Kate McGuinness is back to answer a question from a lawyer who is having a great deal of difficulty dealing with a very critical partner in the law firm. Kate is an attorney-turned certified executive and life transition coach, and the founder of Counselor Coaching You can read more about Kate in her 7 Questions … interview. Welcome back, Kate!
Attorney: I’m dealing with a very critical partner at work, and I’m losing patience. He’s constantly belittling me in front of clients and co-counsel and thinks everything I do is wrong. It’s not really feasible to work for other people right now. Do you have any tips for coping?
Kate McGuinness: Here are some suggestions to help you both cope with this difficult situation and benefit from it.
- Understand the partner’s drivers. What are his hot buttons? Identify them and focus your efforts on making sure the tasks he cares about most are done well. Is he a typo nazi? Proof your work twice. Is he rabid about punctuality? Arrive early. Does he hate interruptions? Collect your questions and concerns and schedule a time to put all of them in front of him at once.
- Create a document trail. After getting oral instructions, write an email confirming your understanding of your assignment as well as the tasks he’s agreed to undertake.
- Anticipate what he will need and stay ahead of him. Arrange for conference rooms, catering, late night support and anything else he might require.
- Identify his weaknesses so you can support him better. Yes, I said support him better. You may be tempted to undercut him but that doesn’t help anyone in the long run. Organizations value team players. If you can make him look better, he’ll appreciate it and maybe even give you some credit.
- Avoid the temptation to spread tales of his mistreatment inside the firm. Complaining constantly to your peers may feel like a relief valve but repeating your woes only reinforces your unhappiness. Complaining to his peers deprives you of a team player merit badge and invites questions about the validity of his criticisms.
- Look for his redeeming traits. Challenge yourself to find at least one thing he does well and admire it.
- Ask yourself which, if any, of his criticisms are valid. This may be hard to do when you’re feeling besieged, but no one is perfect. Success in this job or any other will depend on your ability to accept and own your mistakes.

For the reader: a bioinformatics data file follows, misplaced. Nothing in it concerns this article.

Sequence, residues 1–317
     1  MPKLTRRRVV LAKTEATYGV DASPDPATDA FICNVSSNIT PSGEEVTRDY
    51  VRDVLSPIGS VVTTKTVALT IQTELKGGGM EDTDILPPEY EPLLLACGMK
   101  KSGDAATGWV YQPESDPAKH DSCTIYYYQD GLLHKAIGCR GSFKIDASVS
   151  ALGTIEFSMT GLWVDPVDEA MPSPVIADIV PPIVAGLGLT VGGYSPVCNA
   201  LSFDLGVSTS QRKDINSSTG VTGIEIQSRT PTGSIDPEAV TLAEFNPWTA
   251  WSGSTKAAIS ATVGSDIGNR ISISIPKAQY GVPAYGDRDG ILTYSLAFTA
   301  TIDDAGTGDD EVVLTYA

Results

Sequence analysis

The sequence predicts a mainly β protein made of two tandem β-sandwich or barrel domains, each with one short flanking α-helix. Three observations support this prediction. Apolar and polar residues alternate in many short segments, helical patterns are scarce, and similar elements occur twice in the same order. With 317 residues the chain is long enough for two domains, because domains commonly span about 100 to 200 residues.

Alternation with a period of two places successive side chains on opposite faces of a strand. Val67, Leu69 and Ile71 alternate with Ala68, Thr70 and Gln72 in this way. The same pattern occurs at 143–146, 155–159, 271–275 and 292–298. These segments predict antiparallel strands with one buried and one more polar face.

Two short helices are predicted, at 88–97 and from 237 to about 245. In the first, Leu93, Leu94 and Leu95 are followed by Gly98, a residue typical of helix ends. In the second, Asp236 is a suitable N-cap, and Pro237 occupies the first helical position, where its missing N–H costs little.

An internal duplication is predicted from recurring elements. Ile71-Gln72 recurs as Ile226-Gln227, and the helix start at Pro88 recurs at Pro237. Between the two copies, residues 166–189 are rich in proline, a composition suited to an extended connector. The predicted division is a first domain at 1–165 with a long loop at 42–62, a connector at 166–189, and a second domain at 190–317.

- Unless you identify an error that you have actually made, don’t take his criticism personally. Your boss’s unhappiness is most likely due to a personal or professional situation for which you have no responsibility — maybe he was born under a sullen star! Whatever the source of his bad temper, don’t let it undermine your self-esteem.
- Appreciate the lessons you’re learning. By adopting these suggestions, you’ll begin to acquire a key business skill: “managing up” or handling your relationship with a superior in a way that benefits both of you and your organization. (This works with difficult clients, too.) You’re also gaining valuable leadership insights. You’re learning how not to manage subordinates.
- Leave your sense of being abused on your doorstep when you go home. Don’t let your frustration pollute your time with your family.
By asking for coping tips, you’ve demonstrated the determination and resilience necessary to prevail. I have every confidence that you will.
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Kate McGuinness joined O’Melveny & Myers on graduating from law school and after seven years in the trenches became a partner. She left to become the Vice President and General Counsel of The Times Mirror Corporation, then a Fortune 250 company.
After her stint in the C Suite, she studied creative writing. Her legal thriller Terminal Ambition, A Maggie Mahoney Novel is set in a BigLaw firm and explores power plays sparked by one partner’s attempt to stop widespread sexual harassment. Kate’s essays about women’s issues are carried by The Guardian, The Huffington Post, Women’s Media Center, Role/Reboot and other publications. Her advice column “Kate’s Counsel” appears in The Girl’s Guide to Law School.
Kate’s latest career is coaching, and she graduated from The Hudson Institute as a certified executive and life transition coach. Read more about Kate on her website.
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